Getting Ready for the New NLRB Election Rules

All petitions for representation filed with the National Labor Relations Board (NLRB) on or after April 14, 2015 will follow the new election procedure. To ease the transition, the NLRB General Counsel issued a memorandum explaining the new procedure and providing guidance to Regional Directors and practitioners as to how the procedure will play out.

The procedure still starts with the Union filing a petition for recognition, but under the new rules, the Union will be required to provide the showing of interest along with the petition in order for the petition to be processed.  If a copy of the showing is provided, the original showing must be received by the Region within 48 hours. The Union will also have to serve the employer (by hand, fax, email or, as last resort, overnight mail) a copy of the petition (without the showing of interest), a notice of the Board’s procedures for representation cases and the new Statement of Position form. 

The Regions will set hearings 8 days after the employer is served with these documents plus a Notice of Hearing and Notice of Petition for Election to be posted by the employer.  This hearing will only be rescheduled upon a showing of special circumstances or extraordinary circumstances.  This new requirement makes it very important for the Union to be prepared to go to hearing, if necessary, on the 8th day after the petition is served.  Stipulated Election Agreements are still likely to be the norm, but the internal NLRB guideline of no more than 42 days between the petition and the election has been eliminated.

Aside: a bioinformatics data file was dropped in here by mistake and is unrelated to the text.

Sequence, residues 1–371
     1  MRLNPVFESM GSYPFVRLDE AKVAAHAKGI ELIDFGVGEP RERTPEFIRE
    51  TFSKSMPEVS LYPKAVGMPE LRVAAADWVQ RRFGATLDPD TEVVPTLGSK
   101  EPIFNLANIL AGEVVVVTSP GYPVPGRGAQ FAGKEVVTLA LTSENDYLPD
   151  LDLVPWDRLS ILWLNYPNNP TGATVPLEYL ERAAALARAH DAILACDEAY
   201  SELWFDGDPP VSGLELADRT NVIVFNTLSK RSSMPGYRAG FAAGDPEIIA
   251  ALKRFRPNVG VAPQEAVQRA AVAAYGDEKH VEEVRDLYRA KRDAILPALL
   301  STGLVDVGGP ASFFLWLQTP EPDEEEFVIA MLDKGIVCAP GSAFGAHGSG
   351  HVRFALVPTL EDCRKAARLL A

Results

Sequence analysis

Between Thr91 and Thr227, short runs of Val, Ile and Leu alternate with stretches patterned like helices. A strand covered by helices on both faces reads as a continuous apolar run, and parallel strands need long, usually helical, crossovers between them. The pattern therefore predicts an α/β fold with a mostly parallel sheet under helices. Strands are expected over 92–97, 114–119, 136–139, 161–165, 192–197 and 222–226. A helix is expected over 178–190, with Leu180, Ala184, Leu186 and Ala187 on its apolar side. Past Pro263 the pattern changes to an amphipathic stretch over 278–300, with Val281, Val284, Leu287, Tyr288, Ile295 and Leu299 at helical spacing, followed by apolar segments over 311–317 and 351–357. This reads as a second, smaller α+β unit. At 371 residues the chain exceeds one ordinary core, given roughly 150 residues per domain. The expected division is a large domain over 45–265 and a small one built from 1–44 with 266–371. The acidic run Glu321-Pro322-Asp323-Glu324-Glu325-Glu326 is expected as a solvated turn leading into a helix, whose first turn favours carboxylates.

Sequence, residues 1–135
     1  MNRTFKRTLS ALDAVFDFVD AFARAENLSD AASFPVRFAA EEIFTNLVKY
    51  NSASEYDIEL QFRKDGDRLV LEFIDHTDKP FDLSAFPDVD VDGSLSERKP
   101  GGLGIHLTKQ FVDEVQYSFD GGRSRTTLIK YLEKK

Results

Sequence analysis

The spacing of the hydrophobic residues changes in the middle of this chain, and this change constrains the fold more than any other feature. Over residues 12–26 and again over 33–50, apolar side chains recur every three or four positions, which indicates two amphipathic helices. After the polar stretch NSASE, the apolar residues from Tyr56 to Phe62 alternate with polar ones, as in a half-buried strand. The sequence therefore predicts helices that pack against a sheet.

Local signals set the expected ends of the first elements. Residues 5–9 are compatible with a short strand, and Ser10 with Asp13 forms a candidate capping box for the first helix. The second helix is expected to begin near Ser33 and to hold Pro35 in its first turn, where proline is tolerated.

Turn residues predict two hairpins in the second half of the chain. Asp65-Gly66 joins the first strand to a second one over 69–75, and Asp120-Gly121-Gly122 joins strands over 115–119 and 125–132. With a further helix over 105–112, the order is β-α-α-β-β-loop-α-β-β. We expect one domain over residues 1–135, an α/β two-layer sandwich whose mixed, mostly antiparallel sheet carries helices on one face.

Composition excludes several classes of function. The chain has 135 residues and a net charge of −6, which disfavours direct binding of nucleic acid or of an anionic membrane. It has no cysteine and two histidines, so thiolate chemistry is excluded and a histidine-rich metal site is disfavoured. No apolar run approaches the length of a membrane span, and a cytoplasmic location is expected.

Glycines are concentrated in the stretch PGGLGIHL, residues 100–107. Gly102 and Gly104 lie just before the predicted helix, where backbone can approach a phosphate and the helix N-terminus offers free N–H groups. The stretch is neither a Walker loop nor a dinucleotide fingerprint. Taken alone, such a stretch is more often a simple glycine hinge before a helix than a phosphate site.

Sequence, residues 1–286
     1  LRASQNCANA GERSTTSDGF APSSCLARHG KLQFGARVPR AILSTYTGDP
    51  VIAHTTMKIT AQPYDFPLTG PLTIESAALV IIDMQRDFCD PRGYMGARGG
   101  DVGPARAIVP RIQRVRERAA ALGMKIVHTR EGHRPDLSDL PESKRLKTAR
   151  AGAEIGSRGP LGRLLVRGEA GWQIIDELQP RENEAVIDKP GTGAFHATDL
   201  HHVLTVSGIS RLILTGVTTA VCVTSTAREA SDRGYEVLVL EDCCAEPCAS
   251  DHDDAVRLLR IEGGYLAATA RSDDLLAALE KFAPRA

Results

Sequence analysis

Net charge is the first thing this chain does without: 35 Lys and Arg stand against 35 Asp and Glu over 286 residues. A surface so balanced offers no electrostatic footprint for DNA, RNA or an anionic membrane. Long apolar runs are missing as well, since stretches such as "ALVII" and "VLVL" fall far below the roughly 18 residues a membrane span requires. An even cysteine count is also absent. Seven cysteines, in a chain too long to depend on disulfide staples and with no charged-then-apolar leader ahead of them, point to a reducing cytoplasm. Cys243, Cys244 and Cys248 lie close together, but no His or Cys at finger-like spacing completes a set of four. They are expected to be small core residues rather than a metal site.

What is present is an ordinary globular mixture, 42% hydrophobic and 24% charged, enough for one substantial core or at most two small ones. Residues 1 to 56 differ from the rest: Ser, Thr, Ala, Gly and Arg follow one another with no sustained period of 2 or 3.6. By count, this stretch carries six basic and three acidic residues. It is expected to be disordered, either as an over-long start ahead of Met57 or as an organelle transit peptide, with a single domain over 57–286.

The hearing will be streamlined and resolution of some matters will be put on hold until after the election. The Decision and Direction of Election, issued by the Regional Director after the hearing, will generally include the date, time, and location of the election and will set the election for as soon as practicable. The mandatory 25 day waiting period for potential review has been eliminated. Two days after the direction of election, the employer will be required to provide the voter list. This list will include the name, home address, work location, shift, classification and—when available—personal email address, and home and mobile phone numbers.

After the election, any objections to the election, along with an offer of proof supporting the objections, must be filed within 7 days. Hearings on objections or challenged ballots will regularly be heard 21 days after the election.

There is also a change to blocking charge procedures. Instead of filing a request to proceed, if a Union files an unfair labor practice (ULP) charge that it believes should block a pending petition from being processed, the Union will also have to file a blocking charge form. This should be filed with an offer of proof setting out the evidence the Union intends to provide in support of the ULP.

The goal of the new rule is efficiency and modernization of the process. Implementation will result in more streamlined pre-election hearings and better and faster information to the Union. There are new burdens and opportunities under the rule for both Unions and employers. Consult with your labor law counsel to start the process.

Copies of the Rule, the General Counsel’s Memorandum, and the new forms can be found on the NLRB’s website: www.nlrb.gov

By Caren Sencer | April 8, 2015

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